Blackstone Elementary School teacher Joel Richards said that he and most teachers he knows are desperate to return to their classrooms — but not if those classrooms aren’t safe. “I just want Boston to stop asking teachers to choose between people that they love. We love our families and we definitely love our students,” he said. “All I ask is that you please make decisions based on data and mercy and the best interest of the students that are constantly trampled upon, forgotten about, underfunded and overpoliced in our city.”
Boston City Councilors Julia Meija, Annissa Essaibi-George, Ricardo Arroyo and Michelle Wu all urged BPS to reject the current hybrid draft plan for reopening.
“There are many ideas out there, many ways that a hybrid model could work better than this current proposal,” Wu said. “I urge BPS to commit to an all-remote start to the school year and take the [hybrid] proposal off the table in order to prepare for a phased-in transition for at least some students.”
Arroyo expressed concern about how the COVID-19 pandemic has disproportionately affected communities of color and low-income communities, and emphasized the need for safety in school buildings.
“This plan has nothing for contact tracing, this plan has nothing for mandatory testing, this plan doesn’t protect our children,” Arroyo said. “I feel wholeheartedly for families that want a plan that lets their children be in school, and I understand that this plan does not allow that to be a reality at this time.
The current draft plan requires students to wear masks throughout the day, aside from a small “mask break,” and maintain 6 feet of distance between desks. Teachers would be given professional development training for an “undetermined” number of days ahead of the school year, which would include health and safety training for in-person teaching, and technological training for remote lessons.
According to the current plan, students will be split up by grade to begin their part-time, in-person teaching in phases. Grades one through eight will begin in-person classes first, followed by grades nine through 12, and ending with kindergartners. All students will divide their time into two in-person days and two remote learning days. Every Wednesday, students will vacate the building for cleaning. Teachers are expected to come to the building and finish other work in person.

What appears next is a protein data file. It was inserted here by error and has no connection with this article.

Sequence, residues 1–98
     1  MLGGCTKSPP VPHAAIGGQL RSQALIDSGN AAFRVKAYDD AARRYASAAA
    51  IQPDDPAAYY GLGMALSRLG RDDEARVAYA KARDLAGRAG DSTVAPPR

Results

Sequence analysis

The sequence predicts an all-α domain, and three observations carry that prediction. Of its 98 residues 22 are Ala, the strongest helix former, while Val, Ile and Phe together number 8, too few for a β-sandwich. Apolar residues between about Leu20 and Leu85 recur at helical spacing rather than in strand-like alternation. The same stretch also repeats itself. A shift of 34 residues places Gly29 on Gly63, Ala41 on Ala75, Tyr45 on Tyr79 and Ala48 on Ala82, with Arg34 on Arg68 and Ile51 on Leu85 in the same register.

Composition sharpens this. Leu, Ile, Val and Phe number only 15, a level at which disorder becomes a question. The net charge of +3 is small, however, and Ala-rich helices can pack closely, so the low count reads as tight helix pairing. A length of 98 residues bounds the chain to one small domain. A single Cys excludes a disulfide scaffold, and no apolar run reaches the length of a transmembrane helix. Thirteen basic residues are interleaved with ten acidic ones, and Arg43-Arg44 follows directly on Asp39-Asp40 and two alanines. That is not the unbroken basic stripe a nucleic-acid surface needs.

School Committee member Lorna Rivera, who supports a fully remote learning model in the fall, expressed fear about teachers being in the building during cleaning.
“I really am concerned,” Rivera said. “I don’t see how a building can be fully cleaned when there are individuals in the building.”
Parents will have the option to have their children learn exclusively from home. But there will definitely not be the option or requirement for all students to do in-person learning full-time, Cassellius said Wednesday. Students will be in schools part-time at maximum, she said.
Pust said that if public health metrics say that schools are not safe for students' return, learning will return to an all-remote plan. She did not give an exact metric that would prompt this reversal on Wednesday.
Districts are obligated to file three reopening plans to the Department of Early and Secondary Education by Monday: an all-remote option, an all in-person option, and a hybrid option. Cassellius said BPS will process feedback and draft “several” more versions of the reopening plan before Monday's deadline.
“Our singular focus really does need to be on ensuring that students, teachers and school leaders are ready for our new school year,” Cassellius said. “Over the next few weeks, we need everybody to focus on that planning.”